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August 4, 2011 9:57 AM   Subscribe

ItalianFilter: Please help me translate the WWII-era letter for a friend of the family.

A friend of the family was stationed in Italy at the end of WWII. Like many American GIs, he shared his provisions and care packages from home with the local families, as at that time, food and supplies were scarce. After returning to the States, he received a letter from a family thanking him for his help and updating him on their situation. As he couldn't read Italian, he set the letter aside and didn't think of it much in the intervening 66 years. When he found out that I had studied Italian in college, he asked me to translate it for him.

Most of the letter was straightforward and easy to translate, but one (long) sentence in particular has left me totally stumped. The combination of old-timey handwriting and slightly unusual phrasing has left me grasping at straws and I am hoping that AskMe can help out. I would post a photo of the letter itself (I have a copy), but I have marked up my version and I'm not sure it will be helpful.

Here is the sentence:

(La Licio?) sempre vi fa in mente e dice sempre che Davis era buono e (da/fa/di ?) in (trista/tresta/trita??) il suo carro armato e anche la cioccolata e la gommo che voi li davate.

The first two words look like "La Licior", which I thought was the name of the town, but that is not the case. The two capital letters look like "L's" but, honestly they could be almost anything. There is definitely an "ici" in the middle of the word, but the end could be "o" or "or" or "a." Hard to tell.

The "trista/tresta/trito" word is hard to read. Definitely starts with a t, and ends with "ta".

Davis is his name.

If it helps, the letter is from a town near Trieste, and was written before Christmas, 1945.

Grazie mille!
posted by artichoke_enthusiast to Writing & Language (10 answers total) 2 users marked this as a favorite
I think they're just saying something like they'll never forget how Davis arrived in his armored car/tank and shared chocolate and gum with them. La Licio may be the name of someone.
posted by mareli at 10:07 AM on August 4, 2011

Could it be 'la liceo' meaning the high school?
posted by bq at 10:18 AM on August 4, 2011

La Licio would have to be a name, I would guess the nickname of a child, since it has the definite article.

The t word would be testa. Avere in testa is literally to have in one's head, which I suppose could be to picture in this instance.

So I would suggest something like this:

"La Licio always thinks of you and always says how good Davis was and still pictures his armoured truck and also the chocolate and gum that you gave him."
posted by Dragonness at 10:32 AM on August 4, 2011

Best answer: The first could be a female name, Licia, as it's common in colloquial Italian (in many regions) to use the definite article. There may be parts of the country that use the article with a male name, but that's an unfamiliar usage to me.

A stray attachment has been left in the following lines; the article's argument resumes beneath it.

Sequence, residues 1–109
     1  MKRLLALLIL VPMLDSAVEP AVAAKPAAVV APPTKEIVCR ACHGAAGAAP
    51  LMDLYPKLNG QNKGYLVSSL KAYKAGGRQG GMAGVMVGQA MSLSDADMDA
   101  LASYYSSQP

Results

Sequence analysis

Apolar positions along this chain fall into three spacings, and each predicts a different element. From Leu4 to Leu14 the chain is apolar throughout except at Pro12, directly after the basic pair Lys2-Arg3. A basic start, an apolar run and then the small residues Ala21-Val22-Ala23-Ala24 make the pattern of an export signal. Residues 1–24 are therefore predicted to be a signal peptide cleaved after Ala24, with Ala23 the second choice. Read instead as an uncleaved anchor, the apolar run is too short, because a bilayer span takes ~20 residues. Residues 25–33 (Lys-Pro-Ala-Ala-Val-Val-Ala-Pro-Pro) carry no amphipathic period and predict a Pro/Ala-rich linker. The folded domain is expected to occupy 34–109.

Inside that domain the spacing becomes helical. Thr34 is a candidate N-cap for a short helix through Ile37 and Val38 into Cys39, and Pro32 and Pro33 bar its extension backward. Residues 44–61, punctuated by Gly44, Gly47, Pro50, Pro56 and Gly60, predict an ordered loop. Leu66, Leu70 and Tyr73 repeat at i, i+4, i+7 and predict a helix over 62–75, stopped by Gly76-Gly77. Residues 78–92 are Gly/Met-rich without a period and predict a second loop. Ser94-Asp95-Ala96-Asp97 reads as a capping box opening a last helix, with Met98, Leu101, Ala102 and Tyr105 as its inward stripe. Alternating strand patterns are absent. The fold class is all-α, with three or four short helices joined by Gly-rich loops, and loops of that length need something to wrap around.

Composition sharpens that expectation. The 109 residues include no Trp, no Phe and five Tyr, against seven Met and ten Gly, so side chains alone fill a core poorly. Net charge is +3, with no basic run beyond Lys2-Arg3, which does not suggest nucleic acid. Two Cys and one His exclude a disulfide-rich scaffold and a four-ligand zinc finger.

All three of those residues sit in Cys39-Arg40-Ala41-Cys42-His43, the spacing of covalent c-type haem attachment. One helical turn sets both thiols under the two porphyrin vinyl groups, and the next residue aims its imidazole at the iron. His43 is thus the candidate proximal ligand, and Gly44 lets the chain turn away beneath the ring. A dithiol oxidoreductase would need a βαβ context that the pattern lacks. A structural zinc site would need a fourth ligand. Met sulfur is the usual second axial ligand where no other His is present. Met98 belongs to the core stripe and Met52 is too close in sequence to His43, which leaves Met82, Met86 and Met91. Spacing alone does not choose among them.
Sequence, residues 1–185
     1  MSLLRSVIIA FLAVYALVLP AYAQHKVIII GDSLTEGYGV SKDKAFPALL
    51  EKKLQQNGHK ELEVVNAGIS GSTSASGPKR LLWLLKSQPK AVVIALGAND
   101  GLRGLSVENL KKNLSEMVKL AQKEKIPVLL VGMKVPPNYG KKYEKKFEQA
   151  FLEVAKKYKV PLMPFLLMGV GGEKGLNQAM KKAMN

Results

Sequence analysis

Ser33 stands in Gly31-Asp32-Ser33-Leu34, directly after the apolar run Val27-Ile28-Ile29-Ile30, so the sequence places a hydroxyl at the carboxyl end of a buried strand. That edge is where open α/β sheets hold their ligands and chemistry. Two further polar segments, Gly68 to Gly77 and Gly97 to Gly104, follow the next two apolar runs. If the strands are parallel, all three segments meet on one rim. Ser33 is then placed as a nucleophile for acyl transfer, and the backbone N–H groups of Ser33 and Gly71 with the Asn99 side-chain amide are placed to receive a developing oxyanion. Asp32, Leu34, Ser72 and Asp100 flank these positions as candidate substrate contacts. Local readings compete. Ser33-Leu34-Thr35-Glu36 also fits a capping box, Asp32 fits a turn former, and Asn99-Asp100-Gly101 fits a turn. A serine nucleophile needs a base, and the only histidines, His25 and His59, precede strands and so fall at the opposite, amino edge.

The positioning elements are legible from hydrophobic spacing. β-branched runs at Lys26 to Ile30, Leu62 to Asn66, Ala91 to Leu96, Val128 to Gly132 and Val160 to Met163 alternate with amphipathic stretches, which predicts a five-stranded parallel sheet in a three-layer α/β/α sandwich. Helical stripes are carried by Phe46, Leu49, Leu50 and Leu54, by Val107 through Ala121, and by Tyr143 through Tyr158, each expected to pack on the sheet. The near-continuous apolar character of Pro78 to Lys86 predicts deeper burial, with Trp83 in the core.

I agree that the other fuzzy part of the sentence is probably "ha in testa."

Given the context, I would also agree that Licia (or whoever) is probably a child. The last part of the sentence is likely to be plural, as the chocolate and gum was probably handed out to all the children, so it would be "...that you gave them."
posted by Superplin at 10:51 AM on August 4, 2011

Good catch on the plural, Superplin. Missed that.
posted by Dragonness at 10:55 AM on August 4, 2011

By the way, that would be gomma not gommo. The Italian handwritten a, at least in contemporary Italian, is very round, and could easily be mistaken for an o. This would be consistent with Superplin's thought that the name is Licia, not Licio.
posted by Dragonness at 10:58 AM on August 4, 2011

Yeah, the a and o are hard to tell apart in most Italian handwriting I've seen. As are lower-case h and d, which also explains the confusion over that middle bit.
posted by Superplin at 11:03 AM on August 4, 2011

Response by poster: I definitely think that you are right about the "La Licia/Licior" bit, Superpin. And it definitely could be "ha in mente" not "fa in mente." Now, the only bit that's still confusing me is the "??? in triste" bit. The first word looks like it could be da/di/fa or almost any other short word (it is really hard to tell). I'm pretty sure that it has to be "in triste" which might mean "sadly", but I'm not sure what Davis was doing "sadly."

Thanks everyone for the suggestions, I think it's 99% there.
posted by artichoke_enthusiast at 11:05 AM on August 4, 2011

Best answer: I think the part you're confused about would be, as Dragonness suggested, "ha in testa," meaning she remembers or spends a lot of time thinking about the tanks, etc.
posted by Superplin at 11:13 AM on August 4, 2011

Response by poster: Yes! You are of course right and I was confused. I think it's all done now!

Thanks everyone!
posted by artichoke_enthusiast at 11:15 AM on August 4, 2011

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